1.European countries should invest more in their university systems. On average, EU25 members spend 1.3% of their GDP on higher education, against 3.3% in the US. European countries should increase funding for higher education by at least 1 percentage point over the next ten years. It remains an open question how the burden of this increase is to be shared between public budgets and private funding, including tuition fees.
2.For this effort to pay off, European universities should become more autonomous, in particular with regard to budgets, and also in hiring and remuneration. What matters for good performance is both money and good governance. The two are complementary; increasing university budget has more impact with good governance and improving governance has more impact with higher budgets. We are aware, however, that greater autonomy can be perverse and that it must be accompanied by greater performance evaluation.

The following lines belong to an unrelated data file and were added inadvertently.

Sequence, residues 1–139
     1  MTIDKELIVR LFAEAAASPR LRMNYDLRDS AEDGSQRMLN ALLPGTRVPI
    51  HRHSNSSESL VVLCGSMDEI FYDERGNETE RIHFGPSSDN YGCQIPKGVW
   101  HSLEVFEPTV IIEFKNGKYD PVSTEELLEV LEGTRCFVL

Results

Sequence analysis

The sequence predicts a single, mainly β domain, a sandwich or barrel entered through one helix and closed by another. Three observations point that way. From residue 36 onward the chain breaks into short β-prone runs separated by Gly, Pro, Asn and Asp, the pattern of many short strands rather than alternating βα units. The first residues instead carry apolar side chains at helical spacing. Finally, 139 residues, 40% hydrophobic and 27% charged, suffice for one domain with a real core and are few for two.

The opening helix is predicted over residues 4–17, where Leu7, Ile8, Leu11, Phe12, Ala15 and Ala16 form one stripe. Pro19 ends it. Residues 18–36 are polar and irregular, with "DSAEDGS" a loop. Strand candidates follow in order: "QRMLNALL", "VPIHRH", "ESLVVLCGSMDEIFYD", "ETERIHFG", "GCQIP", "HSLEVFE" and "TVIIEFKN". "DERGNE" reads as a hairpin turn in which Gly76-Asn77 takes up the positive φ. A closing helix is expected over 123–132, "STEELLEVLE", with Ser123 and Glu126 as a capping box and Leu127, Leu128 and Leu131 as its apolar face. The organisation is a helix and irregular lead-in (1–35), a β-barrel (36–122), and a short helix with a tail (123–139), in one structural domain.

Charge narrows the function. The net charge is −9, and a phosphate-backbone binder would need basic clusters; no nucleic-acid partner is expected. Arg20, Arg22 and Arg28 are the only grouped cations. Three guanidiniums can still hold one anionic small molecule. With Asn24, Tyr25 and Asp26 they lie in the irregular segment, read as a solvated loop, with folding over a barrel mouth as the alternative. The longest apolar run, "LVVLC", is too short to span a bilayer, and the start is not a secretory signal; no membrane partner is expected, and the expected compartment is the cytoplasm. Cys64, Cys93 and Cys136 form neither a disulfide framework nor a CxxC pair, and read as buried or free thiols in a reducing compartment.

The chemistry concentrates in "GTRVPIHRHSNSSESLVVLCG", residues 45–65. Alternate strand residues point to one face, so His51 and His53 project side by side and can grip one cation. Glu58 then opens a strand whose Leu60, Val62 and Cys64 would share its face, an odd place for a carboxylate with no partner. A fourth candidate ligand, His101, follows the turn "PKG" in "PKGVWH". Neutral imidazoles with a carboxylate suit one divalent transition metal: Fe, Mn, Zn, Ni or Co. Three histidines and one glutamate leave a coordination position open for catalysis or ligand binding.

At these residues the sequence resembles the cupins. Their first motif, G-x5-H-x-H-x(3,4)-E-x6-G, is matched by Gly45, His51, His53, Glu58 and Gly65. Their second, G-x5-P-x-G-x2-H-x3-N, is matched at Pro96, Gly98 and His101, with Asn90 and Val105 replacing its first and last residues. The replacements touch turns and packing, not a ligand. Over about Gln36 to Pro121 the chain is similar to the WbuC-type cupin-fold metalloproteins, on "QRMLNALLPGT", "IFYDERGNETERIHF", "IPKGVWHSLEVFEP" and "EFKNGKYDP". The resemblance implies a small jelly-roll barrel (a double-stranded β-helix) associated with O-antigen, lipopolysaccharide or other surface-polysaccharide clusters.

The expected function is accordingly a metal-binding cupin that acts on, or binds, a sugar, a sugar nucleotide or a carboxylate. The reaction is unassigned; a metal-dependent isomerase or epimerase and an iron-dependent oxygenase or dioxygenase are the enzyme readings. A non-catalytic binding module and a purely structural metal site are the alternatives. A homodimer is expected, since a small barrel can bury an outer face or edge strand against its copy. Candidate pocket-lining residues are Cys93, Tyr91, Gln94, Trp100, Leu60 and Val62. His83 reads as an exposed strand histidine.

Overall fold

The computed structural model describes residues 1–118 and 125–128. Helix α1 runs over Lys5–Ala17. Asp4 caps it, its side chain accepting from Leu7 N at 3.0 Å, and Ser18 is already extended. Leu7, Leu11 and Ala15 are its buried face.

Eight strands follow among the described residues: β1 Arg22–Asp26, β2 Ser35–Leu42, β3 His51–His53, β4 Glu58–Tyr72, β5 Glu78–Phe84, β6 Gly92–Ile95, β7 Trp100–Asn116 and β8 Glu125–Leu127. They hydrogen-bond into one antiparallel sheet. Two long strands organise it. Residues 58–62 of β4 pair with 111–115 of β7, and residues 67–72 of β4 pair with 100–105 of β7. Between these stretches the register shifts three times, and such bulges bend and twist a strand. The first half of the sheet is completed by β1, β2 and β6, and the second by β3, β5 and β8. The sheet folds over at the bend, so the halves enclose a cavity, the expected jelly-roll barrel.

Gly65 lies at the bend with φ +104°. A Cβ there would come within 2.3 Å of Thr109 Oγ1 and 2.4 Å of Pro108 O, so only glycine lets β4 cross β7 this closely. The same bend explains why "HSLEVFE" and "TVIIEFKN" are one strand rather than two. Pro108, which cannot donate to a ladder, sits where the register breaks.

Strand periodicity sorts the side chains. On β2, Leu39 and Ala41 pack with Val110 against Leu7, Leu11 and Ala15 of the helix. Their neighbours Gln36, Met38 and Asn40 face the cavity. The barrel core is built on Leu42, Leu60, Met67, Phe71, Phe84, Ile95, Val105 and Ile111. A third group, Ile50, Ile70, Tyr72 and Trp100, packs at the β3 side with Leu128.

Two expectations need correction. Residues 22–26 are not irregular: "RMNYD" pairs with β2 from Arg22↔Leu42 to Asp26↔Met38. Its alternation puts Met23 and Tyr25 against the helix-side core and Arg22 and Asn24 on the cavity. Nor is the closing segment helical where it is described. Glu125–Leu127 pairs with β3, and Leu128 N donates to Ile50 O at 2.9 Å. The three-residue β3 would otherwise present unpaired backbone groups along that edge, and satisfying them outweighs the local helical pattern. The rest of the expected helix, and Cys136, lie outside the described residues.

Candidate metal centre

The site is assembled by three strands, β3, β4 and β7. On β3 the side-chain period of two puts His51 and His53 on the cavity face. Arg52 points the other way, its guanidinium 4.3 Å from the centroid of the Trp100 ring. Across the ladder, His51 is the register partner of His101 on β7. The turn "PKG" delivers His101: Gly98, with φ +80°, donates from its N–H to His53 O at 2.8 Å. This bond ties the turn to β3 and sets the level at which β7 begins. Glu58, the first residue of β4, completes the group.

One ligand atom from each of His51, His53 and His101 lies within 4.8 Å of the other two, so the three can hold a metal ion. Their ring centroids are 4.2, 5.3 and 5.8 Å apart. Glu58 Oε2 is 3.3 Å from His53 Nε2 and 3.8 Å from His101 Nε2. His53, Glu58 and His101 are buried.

Wednesday, March 16, 2011
Autonomy and Universities
Posted by Liam Delaney
It is worth rereading this VOX summary of the influential Bruegel report on the reform of European universities. They basically said that the reason that European universities are so far behind the US is that they have too little funding and too much state interference in process rather than evaluation of outcomes.